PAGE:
Addressing human trafficking in eastern Iowa

Published: Apr. 1, 2021 at 5:47 PM CDT
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CEDAR RAPIDS, Iowa (KCRG) -Human trafficking happens right here in Eastern Iowa. Just last week the U.S. Marshalls recovered seven missing Iowa minors through what they called Operation Homecoming. Four human trafficking investigations are continuing, tied to that operation.

And in February, two employees at the Eastern Iowa Airport were recognized for stopping a young girl from traveling towards what was believed to be a human trafficking situation.

According to the non-profit Chains Interrupted, children in foster care and teenagers who live on the streets are especially at risk.

“This is happening here,” the Anti-Human Trafficking Coordinator at Mercy Medical Center in Cedar Rapids told KCRG-TV9.

She works directly with victims who have been trafficked in some way.

“There is sex trafficking and labor trafficking,” she told us.

“Within the first year I had 58 local referrals for human trafficking and the second year ,71 referrals,” she added.

Leaders say people are recruited everywhere from the internet to schools, with runaways especially being targeted.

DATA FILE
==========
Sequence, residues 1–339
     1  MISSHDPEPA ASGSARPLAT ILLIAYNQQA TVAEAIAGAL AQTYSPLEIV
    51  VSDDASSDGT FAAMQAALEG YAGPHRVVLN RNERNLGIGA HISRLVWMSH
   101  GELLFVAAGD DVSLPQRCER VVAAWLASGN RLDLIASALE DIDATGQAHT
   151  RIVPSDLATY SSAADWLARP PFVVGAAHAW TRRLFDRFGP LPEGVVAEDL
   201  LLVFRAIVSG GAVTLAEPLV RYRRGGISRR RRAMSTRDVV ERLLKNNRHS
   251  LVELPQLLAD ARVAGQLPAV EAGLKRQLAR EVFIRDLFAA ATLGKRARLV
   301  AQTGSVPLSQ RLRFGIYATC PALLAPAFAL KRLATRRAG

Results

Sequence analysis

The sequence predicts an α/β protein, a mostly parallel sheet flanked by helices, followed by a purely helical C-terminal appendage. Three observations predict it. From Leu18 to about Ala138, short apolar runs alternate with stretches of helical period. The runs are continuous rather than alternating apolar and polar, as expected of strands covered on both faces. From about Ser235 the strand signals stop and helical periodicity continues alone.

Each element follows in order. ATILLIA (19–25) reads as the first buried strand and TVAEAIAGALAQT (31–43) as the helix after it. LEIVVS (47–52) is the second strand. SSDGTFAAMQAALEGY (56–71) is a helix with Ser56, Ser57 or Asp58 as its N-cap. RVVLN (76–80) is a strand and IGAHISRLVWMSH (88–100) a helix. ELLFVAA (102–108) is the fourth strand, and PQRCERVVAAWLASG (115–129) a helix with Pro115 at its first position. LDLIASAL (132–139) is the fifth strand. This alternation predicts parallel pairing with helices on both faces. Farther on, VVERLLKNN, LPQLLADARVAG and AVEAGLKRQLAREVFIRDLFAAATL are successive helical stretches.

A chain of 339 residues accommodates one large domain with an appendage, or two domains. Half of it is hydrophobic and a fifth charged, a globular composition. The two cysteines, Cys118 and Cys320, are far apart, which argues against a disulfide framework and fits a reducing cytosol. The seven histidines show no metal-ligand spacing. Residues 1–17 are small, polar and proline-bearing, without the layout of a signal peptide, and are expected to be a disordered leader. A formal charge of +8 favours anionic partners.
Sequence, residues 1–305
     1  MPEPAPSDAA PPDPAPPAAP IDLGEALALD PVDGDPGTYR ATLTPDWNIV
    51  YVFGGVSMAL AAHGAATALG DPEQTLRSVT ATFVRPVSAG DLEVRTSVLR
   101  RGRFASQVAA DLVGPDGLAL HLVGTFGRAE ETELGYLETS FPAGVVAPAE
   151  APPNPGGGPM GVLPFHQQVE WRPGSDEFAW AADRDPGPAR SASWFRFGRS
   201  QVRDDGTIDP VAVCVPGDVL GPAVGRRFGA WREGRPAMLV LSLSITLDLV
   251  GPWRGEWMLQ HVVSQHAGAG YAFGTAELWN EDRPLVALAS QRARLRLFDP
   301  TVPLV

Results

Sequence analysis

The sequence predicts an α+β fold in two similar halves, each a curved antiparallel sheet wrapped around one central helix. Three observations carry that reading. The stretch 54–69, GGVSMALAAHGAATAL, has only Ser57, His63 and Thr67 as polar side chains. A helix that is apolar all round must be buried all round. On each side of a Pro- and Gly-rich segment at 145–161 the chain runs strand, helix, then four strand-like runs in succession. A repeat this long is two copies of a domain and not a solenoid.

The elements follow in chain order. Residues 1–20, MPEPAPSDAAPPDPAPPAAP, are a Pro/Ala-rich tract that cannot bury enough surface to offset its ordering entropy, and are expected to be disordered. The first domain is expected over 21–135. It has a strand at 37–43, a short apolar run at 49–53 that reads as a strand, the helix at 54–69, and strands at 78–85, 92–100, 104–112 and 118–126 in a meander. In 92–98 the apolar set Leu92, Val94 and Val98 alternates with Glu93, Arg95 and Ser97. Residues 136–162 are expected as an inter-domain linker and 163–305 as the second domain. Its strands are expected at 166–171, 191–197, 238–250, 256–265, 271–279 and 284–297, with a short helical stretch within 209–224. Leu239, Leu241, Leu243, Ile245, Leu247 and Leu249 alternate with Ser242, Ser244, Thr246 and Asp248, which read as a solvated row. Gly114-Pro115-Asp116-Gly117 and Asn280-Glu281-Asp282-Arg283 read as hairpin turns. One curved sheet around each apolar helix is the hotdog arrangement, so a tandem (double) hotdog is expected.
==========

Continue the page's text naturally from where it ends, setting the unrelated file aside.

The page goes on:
“Sadly traffickers are waiting for our children out on the streets, they’re waiting for them at bus stops, at train stops, anywhere that kids go that runaway and they approach them with that fraud. With the fake job or you know, you’re so beautiful you could be a model, come with me,” the Anti-Human Trafficking Coordinator explained.

The Linn County Juvenile Detention and Diversion Services office brings in someone to talk to minors about this topic every month.

“The kids that my staff and I work with are some of the most vulnerable. They’re part of the juvenile justice system. They really lack a social safety net,” Dawn Schott told us, Director of Linn County Juvenile Detention and Diversion Services.

“It’s just really important to educate kids on the situation and how easy it is to be roped in or drawn into human trafficking without even knowing it,” Schott added.

There are signs the community can be aware of, signaling something might be very wrong.

“If you have a child that has a friend that suddenly has expensive items, they’re having a change in their language, their dress, their behavior,” the Anti-Human Trafficking Coordinator described.

“Or if you’re driving down the interstate you stop at a gas station and you see someone that maybe looks like somebody’s controlling them, they don’t give you eye contact,” she added.

You call always call the National Human Trafficking Hotline to assist if you notice concerns. That number is 1-888-373-7888.

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